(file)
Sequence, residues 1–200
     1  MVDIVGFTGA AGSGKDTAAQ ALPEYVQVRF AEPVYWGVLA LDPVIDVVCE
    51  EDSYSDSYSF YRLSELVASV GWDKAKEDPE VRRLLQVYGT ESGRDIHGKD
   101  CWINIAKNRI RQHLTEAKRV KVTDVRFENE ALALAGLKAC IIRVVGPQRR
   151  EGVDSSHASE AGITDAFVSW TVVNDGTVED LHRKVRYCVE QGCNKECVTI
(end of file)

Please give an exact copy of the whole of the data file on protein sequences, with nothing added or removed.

Sequence, residues 1–200
     1  MVDIVGFTGA AGSGKDTAAQ ALPEYVQVRF AEPVYWGVLA LDPVIDVVCE
    51  EDSYSDSYSF YRLSELVASV GWDKAKEDPE VRRLLQVYGT ESGRDIHGKD
   101  CWINIAKNRI RQHLTEAKRV KVTDVRFENE ALALAGLKAC IIRVVGPQRR
   151  EGVDSSHASE AGITDAFVSW TVVNDGTVED LHRKVRYCVE QGCNKECVTI